Making a 10 Minute Quilt Block

Can you make an interesting quilt block in just 10 minutes or less? And with just 3 seams?


I’ve been experimenting lately with this oldie-but-goodie method that was popularized by Suzanne McNeill in her books:

She also wrote a similar book:

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I’ve decided to make 4-Patch blocks with purple accent in the middle.

Here’s the basic process:

Step 1: Start with 2 darker squares, 2 lighter squares, and 1 strongly contrasting accent square, all the same size.

I happen to be using 7″ squares, which is smaller than what you usually see in this block. You could also opt to make the accent square larger or smaller than the 4 base squares.

Step 1

Step 2: Fold the accent square in half right side out (pretty side showing), and place it on top of a darker square, which should be right side up. Align the raw edges carefully along the top and sides of the square. The fold of the accent fabric should hit right in the middle of the darker square.

NOTE: Since I’m using batik fabrics, which look pretty much the same on the front and back, I’ll specify which side is up in each photo.

Step 2

Step 3: Pick up a lighter square, and add it to the stacked fabrics, right side down.

Step 3

Step 4: Sew down the right hand edge of the stack with a quarter-inch seam allowance.

In the photo, I’m holding up the corner of the top fabric just so that you can see the tip of the folded accent fabric.

Step 4

Step 5: Pull the 2 squares around and away from the folded fabric, right sides facing out, seam allowance hidden between the two square fabrics.

Step 5

Step 6: Lay the folded accent fabric on top of the other darker square, lining up the upper and right hand edges carefully. Then add the remaining lighter square to the stack. All three of these fabrics should be right sides together.

I’ve pulled the lighter square back so that you can see the accent fabric and the darker fabric underneath.

Step 6

Step 7: Sew down the right hand edge of the fabrics stacked together in Step 6 with a quarter-inch seam allowance.

Step 7

Step 8: Pull those two fabrics away from the accent fabric just like in Step 5. All fabrics should now be right sides facing out, seam allowances hidden between the fabrics.

Step 8

Step 9: Pick up the top square on each side of the accent fabric, and bring them together, right sides facing each other. Then bring the bottom 2 squares together, right sides facing each other.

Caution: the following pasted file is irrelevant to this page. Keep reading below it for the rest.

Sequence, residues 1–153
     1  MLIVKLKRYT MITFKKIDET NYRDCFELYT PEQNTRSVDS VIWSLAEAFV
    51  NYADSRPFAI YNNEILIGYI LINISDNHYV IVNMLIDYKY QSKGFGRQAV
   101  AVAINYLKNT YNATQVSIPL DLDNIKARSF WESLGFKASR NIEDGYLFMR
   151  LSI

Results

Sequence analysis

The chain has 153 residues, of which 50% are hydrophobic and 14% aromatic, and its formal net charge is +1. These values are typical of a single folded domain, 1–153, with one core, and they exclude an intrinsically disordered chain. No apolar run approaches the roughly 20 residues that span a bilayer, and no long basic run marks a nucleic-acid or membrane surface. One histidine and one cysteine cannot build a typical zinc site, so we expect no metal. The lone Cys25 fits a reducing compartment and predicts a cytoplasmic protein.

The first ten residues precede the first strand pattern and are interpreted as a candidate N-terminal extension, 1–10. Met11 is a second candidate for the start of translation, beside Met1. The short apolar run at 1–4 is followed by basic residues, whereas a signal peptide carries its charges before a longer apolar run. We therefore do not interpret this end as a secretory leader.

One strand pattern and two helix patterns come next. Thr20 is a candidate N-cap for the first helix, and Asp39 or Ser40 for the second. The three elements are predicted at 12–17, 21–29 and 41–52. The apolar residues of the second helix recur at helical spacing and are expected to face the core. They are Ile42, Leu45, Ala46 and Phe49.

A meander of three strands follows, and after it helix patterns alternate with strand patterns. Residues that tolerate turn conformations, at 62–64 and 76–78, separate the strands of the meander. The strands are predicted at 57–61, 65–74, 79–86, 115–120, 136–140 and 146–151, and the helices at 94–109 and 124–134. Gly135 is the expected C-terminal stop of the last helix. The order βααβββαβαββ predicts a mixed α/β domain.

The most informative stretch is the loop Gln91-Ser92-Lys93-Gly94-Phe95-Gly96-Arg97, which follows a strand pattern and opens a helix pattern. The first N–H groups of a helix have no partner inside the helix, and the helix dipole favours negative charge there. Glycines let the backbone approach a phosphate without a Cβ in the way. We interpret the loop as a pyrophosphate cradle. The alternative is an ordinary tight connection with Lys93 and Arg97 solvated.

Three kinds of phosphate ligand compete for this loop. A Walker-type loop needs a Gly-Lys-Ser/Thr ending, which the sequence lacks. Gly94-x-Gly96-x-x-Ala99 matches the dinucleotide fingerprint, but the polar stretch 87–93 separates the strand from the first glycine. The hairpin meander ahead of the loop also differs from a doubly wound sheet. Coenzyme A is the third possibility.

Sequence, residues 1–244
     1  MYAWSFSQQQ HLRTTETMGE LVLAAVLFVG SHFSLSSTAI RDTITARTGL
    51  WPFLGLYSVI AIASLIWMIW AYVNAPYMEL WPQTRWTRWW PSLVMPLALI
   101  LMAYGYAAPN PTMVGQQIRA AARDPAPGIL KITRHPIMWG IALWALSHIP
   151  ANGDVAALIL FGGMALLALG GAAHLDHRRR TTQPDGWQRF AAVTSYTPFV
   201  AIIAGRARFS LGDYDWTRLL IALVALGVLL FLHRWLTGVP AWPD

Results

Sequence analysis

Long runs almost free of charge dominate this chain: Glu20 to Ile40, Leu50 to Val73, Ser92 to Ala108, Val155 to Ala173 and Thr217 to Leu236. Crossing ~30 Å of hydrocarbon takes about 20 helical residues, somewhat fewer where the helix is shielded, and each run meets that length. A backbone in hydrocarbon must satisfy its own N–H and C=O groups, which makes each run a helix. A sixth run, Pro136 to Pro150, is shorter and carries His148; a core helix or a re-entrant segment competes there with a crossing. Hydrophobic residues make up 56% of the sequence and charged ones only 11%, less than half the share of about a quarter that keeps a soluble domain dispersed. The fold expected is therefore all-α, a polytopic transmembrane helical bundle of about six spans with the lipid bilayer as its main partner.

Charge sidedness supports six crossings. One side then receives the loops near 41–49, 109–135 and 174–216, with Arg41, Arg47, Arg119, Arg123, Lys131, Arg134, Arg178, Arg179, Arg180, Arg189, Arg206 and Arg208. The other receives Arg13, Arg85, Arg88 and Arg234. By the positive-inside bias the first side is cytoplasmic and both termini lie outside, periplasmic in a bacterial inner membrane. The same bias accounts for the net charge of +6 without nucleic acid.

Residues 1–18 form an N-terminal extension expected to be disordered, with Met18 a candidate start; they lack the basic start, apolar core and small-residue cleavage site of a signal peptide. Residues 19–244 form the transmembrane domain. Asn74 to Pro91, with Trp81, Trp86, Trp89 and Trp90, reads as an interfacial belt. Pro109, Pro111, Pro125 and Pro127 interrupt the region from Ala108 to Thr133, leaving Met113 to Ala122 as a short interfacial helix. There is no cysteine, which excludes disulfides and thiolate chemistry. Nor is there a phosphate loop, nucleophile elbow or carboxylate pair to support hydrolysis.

The accent fabric will be completely hidden.

Step 9 – Bringing the top 2 squares together, right sides facing each other.

Step 10: Reach in between the layers to open up the accent fabric. (This is the fussiest part of the block.) Match the center seams and pin.

You should have the same amount of accent fabric on each side of the center seam.

Step 11

Step 11: Carefully flatten out the fabrics and pin or clip to keep everything in place.

Check carefully to make sure the accent fabric isn’t pleated or bunched along the seam line.

Step 11

Step 12: Sew with a quarter-inch seam allowance.

Step 12.

I like to sew a couple of inches, then peek inside to make sure everything looks good before completing the seam.

Step 12 – checking on the accent fabric

Step 13: Open up the fabrics and admire the block!

I like to press the seam allowances first from the back, and then turn the block over and press the entire block from the front.

The Completed Block

The accent is actually three dimensional. You can top-stitch the finished edges down, or you can turn them into cathedral-window style shapes – but that’s a variation we’ll explore another day.

But if you just can’t wait, click here for a video by Suzanne.

And here are Suzanne’s books again:

5-Minute Blocks

Happy Quilting!

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Beth Ann

When health challenges made hand-sewing (and hand appliqué and hand-quilting) no longer physically viable for her, Beth Ann’s first instinct was dismay and discouragement. But Grandma Baldwin gave her a loving (but stern!) “No pity parties – just figure out a different way.” So Beth Ann turned to her trusty sewing machine and began devising ways to achieve the fine quality appliqué look she craved faster and easier than she ever thought possible. And a career was born! Now Beth Ann enjoys sharing her accessible “invisible” machine appliqué and creative machine quilting techniques with other quilters and fiber artists around the world.

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